Meat Institute hires two new regulatory and scientific staff members

Tiffany Lee and KatieRose McCullough bring veterinary, meat science and public health expertise

The North American Meat Institute today announced the addition of Tiffany Lee, DVM, and KatieRose McCullough, Ph.D., to the organization’s regulatory and scientific affairs staff. Both Lee and McCullough will join NAMI Jan. 3 as directors of regulatory and scientific affairs.

Lee joins the Meat Institute from Kansas State University’s College of Veterinary Medicine, where she is completing her Ph.D. in diagnostic medicine and pathobiology. At KSU, she was actively engaged in interdisciplinary research in physiology, epidemiology, sociology, statistics and animal welfare. Lee’s research examined beef cattle health and welfare, as well as other contemporary issues facing the meat industry, such as antibiotic use in cattle.

Before beginning in her Ph.D. program, Lee was an associate veterinarian at Eastern Colorado Veterinary Services in Limon, Colo. She is a member of numerous veterinary and livestock professional associations and has co-authored several published articles. Lee earned her Doctor of Veterinary Medicine and Master of Science in biomedical sciences at KSU’s College of Veterinary Medicine in Manhattan, Kan. She graduated with a Bachelor of Science in animal science, also from KSU.

“Dr. Lee’s impressive background in animal and veterinary sciences will be invaluable to the Meat Institute’s regulatory and scientific affairs efforts,” says NAMI President and CEO Barry Carpenter. “Her varied experience will ensure the Institute and broader meat and poultry industry remain at the forefront of addressing critical issues related to animal health, welfare, antibiotic use and other important topics. We are delighted to welcome her to the team.”

McCullough joins NAMI from Colorado State University, where she recently earned a Ph.D. in animal sciences and focused her research concerning Campylobacter and Salmonella on pork subprimals and the efficacy of pathogenic E. coli and Salmonella in beef production systems. As a graduate student, McCullough taught animal science courses at CSU and was actively involved in writing manuscripts for peer-reviewed journals, compiling industry reports, and drafting grant proposals to solicit funding. She is concurrently pursuing a Master of Public Health at CSU.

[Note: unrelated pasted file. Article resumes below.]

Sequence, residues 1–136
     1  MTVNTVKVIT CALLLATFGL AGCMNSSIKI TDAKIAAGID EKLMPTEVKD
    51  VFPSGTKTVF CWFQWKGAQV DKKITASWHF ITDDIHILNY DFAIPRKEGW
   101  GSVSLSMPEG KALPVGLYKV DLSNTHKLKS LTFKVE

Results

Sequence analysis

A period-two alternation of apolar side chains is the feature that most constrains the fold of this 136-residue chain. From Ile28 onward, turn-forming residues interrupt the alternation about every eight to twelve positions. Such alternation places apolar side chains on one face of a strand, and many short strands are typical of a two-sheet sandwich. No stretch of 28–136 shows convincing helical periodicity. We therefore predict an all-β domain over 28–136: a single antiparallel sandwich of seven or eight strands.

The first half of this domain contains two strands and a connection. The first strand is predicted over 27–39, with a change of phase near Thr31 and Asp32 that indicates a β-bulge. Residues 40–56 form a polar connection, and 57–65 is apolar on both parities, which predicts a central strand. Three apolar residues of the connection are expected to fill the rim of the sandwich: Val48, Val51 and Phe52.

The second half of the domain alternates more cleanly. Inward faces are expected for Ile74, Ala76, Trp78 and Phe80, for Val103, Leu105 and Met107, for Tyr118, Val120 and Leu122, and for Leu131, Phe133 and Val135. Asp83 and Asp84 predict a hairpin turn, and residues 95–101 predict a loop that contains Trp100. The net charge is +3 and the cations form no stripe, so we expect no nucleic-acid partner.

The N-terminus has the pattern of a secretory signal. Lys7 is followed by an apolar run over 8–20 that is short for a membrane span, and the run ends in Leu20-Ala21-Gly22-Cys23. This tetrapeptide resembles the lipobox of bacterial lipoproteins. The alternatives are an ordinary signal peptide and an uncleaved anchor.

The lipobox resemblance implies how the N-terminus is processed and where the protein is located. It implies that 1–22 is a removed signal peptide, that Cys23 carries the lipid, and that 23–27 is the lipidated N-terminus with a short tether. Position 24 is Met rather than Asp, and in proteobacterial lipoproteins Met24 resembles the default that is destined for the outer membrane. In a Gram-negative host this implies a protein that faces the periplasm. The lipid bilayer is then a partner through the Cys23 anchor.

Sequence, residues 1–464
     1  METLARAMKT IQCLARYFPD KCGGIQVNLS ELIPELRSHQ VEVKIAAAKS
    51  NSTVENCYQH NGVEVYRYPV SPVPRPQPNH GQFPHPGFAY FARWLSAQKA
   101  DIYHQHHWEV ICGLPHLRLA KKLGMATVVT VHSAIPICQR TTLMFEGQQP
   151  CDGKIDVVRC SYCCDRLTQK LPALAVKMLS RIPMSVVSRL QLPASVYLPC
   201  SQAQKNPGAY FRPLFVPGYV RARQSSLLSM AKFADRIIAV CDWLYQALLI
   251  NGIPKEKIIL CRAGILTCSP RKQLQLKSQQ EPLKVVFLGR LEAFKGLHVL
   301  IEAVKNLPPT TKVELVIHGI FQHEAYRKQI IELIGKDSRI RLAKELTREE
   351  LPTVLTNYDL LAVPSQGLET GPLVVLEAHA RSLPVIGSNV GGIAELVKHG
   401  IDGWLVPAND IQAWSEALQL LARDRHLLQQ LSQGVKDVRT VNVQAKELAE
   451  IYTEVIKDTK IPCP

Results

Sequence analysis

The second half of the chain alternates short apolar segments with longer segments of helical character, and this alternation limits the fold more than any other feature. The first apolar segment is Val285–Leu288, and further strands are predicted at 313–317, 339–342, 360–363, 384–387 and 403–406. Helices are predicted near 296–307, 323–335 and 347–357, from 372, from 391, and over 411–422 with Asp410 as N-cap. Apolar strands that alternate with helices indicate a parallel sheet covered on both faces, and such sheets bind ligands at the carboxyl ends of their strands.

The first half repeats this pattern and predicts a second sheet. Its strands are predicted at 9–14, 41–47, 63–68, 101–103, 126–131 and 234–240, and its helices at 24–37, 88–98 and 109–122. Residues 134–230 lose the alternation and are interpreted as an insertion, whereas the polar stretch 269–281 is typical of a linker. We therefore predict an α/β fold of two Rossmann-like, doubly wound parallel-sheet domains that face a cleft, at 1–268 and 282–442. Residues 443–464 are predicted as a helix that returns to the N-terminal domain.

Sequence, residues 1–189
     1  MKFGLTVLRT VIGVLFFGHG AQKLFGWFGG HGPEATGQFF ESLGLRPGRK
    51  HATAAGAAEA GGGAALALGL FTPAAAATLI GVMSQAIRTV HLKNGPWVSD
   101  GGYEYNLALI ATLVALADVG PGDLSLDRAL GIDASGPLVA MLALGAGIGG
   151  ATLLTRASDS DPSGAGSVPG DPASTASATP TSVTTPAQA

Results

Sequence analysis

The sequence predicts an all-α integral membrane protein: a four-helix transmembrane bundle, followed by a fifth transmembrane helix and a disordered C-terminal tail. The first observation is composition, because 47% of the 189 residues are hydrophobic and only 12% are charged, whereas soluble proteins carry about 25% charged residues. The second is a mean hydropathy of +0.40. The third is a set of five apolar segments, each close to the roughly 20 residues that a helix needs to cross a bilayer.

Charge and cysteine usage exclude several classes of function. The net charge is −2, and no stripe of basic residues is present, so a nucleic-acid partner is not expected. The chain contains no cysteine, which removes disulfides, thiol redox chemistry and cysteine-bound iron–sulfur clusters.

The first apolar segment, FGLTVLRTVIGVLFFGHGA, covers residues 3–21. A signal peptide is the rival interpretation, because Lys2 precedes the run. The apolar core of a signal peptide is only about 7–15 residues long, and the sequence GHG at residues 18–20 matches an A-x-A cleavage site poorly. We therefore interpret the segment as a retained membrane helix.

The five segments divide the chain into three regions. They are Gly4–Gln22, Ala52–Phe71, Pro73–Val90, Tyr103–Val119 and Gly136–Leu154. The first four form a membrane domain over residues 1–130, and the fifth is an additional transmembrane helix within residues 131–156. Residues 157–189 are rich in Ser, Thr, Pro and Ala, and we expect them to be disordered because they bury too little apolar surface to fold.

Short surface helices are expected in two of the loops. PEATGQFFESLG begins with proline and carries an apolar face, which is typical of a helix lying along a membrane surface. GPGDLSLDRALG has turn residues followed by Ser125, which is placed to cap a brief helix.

Previously, McCullough coached meat judging teams and taught meat science courses while pursuing her Master of Science in animal science at Oklahoma State University. She graduated with a Bachelor of Science in animal science from Texas Tech University, where she led extensive research projects examining beef quality, muscle biology and food safety.

“Dr. McCullough’s diverse experiences and deep understanding of animal and meat science make her a supremely qualified addition to the staff,” says Carpenter. “Her extensive knowledge of food safety issues and public health will strengthen the Meat Institute’s ability to translate research findings into sound, science-based policies and programs. We are fortunate to have her on our team.”

“Dr. Lee and Dr. McCullough will provide unparalleled, complementary expertise on a host of regulatory and scientific issues facing the meat and poultry industry,” Carpenter adds. “They will enhance an already professional and highly effective staff, and will work to ensure the industry’s continued production of wholesome, nutritious and safe products.”

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